Since February 2006, at a time when many Detroiters have limited access to healthy food choices, the Detroit Black Community Food Security Network has worked tirelessly to raise our awareness about food, where it comes from, who controls it, and the role it plays in building healthy families and communities. We have created models of community self-determination and grassroots citizen engagement that have attracted national attention. Among our accomplishments are:
- Establishment of D-Town Farm, a four acre organic farm in Detroit’s Rouge Park.
- Selection by Will Allen as the Detroit Regional Outreach Training Center for Growing Power, Inc.
- Successfully led efforts to have Detroit City Council approve The City of Detroit Food Security Policy and to create the Detroit Food Policy Council.
- Organized the Ujamaa Food Co-op Buying Club.
- Provided leadership to the “Undoing Racism in the Detroit Food System” initiative.
Amazingly, we accomplished these things prior to getting our first grant funding just a few months ago. We have relied primarily on the resources and support of our own community.
As we approach the end of 2010, we ask that you make a generous donation to the Detroit Black Community Food Security Network to enable us to continue our groundbreaking work of establishing food security and food justice for Detroit’s African-American community in particular, and Detroiters in general. DBCFSN is a 501(c)3 organization, so all donations are tax-deductible. Please consider donating $25, $50, $100 or more. Donations should be made payable to DBCFSN. Please write fund drive in the memo on your check.
Please mail donations to:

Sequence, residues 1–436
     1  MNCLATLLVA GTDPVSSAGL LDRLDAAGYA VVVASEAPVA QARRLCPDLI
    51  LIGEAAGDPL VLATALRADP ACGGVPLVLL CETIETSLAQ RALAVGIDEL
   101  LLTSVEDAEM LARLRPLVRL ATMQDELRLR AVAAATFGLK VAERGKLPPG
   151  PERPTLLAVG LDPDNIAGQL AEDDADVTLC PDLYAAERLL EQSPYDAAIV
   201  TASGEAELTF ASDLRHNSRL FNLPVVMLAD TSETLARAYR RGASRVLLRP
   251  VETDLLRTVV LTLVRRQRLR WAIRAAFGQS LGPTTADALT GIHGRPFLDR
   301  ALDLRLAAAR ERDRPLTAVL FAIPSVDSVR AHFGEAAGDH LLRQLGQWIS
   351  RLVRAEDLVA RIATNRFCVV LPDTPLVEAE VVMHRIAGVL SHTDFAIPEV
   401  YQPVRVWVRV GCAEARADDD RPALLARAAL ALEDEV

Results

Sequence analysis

Detroit, MI 48238
Prominent Bahraini blogger Mahmood al-Yousif tweeted at 3am local time as he was taken by the police.
How disgraceful that President Obama, a former law professor himself, would conspire to violate international law by attempting to deprive President Aristide of his human rights. And that the secretary general of the United Nations would bend to Obama’s will and collaborate with him. As noted in a letter to the state department by prominent lawyers and law professors, this is a violation of International Covenant on Civil and Political Rights (ICCPR), a treaty which the United States has ratified. It states that “[n]o one shall be arbitrarily deprived of the right to enter his own country.”
Washington and its allies would do better to take advantage of this opportunity to change course in Haiti, and accept the concept of self-determination for the Haitian people. They have denied this for decades, and especially since Aristide first was elected president in 1990. Within seven months, he was overthrown by the military and others who were later found to be paid by the US Central Intelligence Agency.
The United States has denied self-government to Haiti ever since. After Aristide was democratically elected for the second time in 2000, with more than 90% of the vote, the United States “sought … to block bilateral and multilateral aid to Haiti, having an objection to the policies and views of the administration of Jean-Bertrand Aristide … Choking off assistance for development and for the provision of basic services also choked off oxygen to the government, which was the intention all along: to dislodge the Aristide administration.” That was Paul Farmer of Harvard’s medical school, Bill Clinton’s deputy special envoy from the UN to Haiti, testifying to US Congress last summer.” —Haiti must decide Haiti’s future